Take the 2-minute tour ×
Stack Overflow is a question and answer site for professional and enthusiast programmers. It's 100% free, no registration required.

I'm attempting to make a flush in a classic poker/card game type program. The property is the suit (hearts, diamonds, etc) and the array is the hand. I used the IEquatable and implemented the Equals method

    public bool Equals(SuperCard otherCard)
    {
        if (otherCard == null)
            return false;
        return (this.cardSuit.Equals(otherCard.cardSuit));
    }

from there in my Program.cs I am writing a bool method for Flush, using the .Equals. it was suggested to me that I use a for loop, but I'm having trouble understanding if I'm doing this right. I need to compare the cardSuit property, card by card. But I'm unsure of how to go about it. Any help would be appreciated. Here's what I have in the method so far.

    private static bool Flush(SuperCard[] hand)
    {
        for (int i = 0; i < hand.Length; i++)
        {
            if (hand[i].Equals(hand[i + 1]) == false)
            {
                return false;
            }
        }
        return hand[hand.Length].Equals(hand[hand.Length - 1]);
    }

in my mind, the for loop compares each card looking for any false's, then returns false if so. outside/after the for loop (supposing theyre all true), I return the true/false of the comparison of the last 2 cards in the the hand. am i over complicating it? is it wrong?

EDIT: I can see this: "if (hand[i].Equals(hand[i + 1]) == false)" will go out of bounds exception, so I need a new way of comparing card to card. Any ideas?

share|improve this question
1  
hand[hand.Length] raise exception –  Grundy Dec 2 '13 at 8:39
    
try for (int i = 0; i < hand.Length-1; i++) –  Grundy Dec 2 '13 at 8:40
    
yeah I caught that right after I posted. thanks @Grundy –  jacksonSD Dec 2 '13 at 8:42

2 Answers 2

up vote 1 down vote accepted

First, beware of (possible) stack overflow:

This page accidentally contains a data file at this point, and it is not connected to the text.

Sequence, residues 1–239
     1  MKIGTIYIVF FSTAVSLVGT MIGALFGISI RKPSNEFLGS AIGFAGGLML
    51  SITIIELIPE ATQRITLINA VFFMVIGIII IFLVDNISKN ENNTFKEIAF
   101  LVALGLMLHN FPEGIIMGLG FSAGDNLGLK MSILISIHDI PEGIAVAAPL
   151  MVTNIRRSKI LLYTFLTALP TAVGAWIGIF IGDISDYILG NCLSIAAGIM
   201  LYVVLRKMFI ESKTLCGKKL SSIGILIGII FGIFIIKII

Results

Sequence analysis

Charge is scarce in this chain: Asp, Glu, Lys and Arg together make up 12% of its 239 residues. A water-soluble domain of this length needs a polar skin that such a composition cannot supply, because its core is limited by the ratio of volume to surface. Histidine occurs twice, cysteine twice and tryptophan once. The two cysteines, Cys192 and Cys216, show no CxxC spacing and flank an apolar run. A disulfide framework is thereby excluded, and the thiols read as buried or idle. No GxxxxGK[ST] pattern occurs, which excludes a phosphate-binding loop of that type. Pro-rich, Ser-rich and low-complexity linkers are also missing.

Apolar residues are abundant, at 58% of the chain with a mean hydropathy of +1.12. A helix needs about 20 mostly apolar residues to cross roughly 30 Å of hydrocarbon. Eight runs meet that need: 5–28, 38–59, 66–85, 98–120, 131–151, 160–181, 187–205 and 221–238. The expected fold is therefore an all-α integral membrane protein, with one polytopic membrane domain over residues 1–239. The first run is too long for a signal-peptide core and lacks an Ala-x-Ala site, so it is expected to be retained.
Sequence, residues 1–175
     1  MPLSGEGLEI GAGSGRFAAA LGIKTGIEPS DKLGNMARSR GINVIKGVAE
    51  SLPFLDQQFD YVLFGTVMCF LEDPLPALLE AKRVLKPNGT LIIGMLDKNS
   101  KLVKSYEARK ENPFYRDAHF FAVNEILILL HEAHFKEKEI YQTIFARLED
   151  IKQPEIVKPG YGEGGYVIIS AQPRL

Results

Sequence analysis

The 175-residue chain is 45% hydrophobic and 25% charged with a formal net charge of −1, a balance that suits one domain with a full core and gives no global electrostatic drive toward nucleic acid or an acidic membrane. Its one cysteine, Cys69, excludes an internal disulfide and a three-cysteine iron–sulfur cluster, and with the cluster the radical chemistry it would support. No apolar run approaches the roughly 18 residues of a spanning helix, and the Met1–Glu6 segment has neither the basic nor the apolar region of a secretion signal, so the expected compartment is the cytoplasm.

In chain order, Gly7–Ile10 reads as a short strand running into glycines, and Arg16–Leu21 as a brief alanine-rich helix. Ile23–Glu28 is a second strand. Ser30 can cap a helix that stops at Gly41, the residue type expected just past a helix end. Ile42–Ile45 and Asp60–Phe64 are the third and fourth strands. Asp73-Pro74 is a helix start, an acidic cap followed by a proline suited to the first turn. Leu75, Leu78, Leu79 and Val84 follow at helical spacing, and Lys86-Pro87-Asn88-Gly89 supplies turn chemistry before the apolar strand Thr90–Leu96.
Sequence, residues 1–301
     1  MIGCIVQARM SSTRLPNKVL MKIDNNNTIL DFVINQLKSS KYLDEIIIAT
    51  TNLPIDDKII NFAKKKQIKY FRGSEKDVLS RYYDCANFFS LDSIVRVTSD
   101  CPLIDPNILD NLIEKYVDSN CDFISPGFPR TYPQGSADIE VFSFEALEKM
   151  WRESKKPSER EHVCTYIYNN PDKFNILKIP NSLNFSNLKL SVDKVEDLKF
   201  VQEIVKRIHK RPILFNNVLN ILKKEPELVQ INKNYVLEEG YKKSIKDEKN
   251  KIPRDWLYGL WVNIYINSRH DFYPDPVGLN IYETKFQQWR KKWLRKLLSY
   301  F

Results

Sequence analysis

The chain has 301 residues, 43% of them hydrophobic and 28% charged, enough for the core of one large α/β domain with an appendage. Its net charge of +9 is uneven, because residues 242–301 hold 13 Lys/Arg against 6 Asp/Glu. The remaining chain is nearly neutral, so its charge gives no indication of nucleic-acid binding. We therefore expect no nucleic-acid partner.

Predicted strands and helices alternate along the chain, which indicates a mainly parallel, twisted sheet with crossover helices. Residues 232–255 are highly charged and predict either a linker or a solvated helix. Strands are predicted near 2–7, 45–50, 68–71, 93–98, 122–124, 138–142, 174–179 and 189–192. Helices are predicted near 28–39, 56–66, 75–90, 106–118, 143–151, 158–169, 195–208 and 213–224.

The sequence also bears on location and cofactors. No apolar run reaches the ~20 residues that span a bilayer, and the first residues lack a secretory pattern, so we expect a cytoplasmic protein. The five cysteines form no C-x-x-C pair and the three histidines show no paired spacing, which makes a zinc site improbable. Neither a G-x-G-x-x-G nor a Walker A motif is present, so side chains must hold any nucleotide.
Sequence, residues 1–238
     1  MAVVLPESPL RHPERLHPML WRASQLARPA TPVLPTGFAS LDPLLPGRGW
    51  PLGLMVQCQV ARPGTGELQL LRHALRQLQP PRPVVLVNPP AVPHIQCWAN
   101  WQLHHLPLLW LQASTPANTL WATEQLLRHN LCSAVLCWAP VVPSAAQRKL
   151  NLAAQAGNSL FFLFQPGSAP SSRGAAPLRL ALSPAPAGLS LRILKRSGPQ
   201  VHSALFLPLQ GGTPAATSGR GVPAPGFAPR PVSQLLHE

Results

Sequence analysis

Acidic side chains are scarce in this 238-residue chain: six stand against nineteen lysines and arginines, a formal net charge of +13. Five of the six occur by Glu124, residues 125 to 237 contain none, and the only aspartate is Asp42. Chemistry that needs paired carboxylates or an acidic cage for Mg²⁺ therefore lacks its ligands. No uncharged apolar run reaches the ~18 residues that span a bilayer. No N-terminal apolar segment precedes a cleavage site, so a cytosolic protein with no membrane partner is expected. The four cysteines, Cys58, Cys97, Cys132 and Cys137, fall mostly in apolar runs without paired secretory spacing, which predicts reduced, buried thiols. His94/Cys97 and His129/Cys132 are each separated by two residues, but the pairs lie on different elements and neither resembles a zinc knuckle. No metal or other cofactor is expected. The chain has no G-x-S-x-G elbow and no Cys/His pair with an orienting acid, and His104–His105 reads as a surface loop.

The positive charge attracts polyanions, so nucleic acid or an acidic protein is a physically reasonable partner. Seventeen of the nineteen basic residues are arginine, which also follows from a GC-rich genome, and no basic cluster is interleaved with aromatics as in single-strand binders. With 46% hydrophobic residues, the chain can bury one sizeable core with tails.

public bool Equals(SuperCard otherCard)
{
    // "otherCard == null" usually calls "Equals" method which in turn 
    // calls "Equals" again and again...
    if (Object.ReferenceEquals(otherCard, null)) // <- No "==" or "Equal" - just reference test
        return false;

    return (this.cardSuit.Equals(otherCard.cardSuit));
}

Another issue is RangeCheckError (see at "Length - 1" in the loop condition)

private static bool Flush(SuperCard[] hand)
{
    if (Object.ReferenceEquals(null, hand))
      return false;

    for (int i = 0; i < hand.Length - 1; i++) // <- Pay attention to "Length - 1"
    {
        if (!hand[i].Equals(hand[i + 1]))     // <- "== false" is quite awkward
        {
            return false;
        }
    }

    // You don't need any additional checks here:
    // A[0] = A[1] = ... = A[length - 1]
    return true;
}
share|improve this answer

There's a much easier way to do this

private static bool Flush(SuperCard[] hand)
{
    if(hand.Length == 0)
       return false;
    var suit = hand[0].cardSuit;
    return hand.All(c => c.cardSuit == suit);
}
share|improve this answer

Your Answer

 
discard

By posting your answer, you agree to the privacy policy and terms of service.

Not the answer you're looking for? Browse other questions tagged or ask your own question.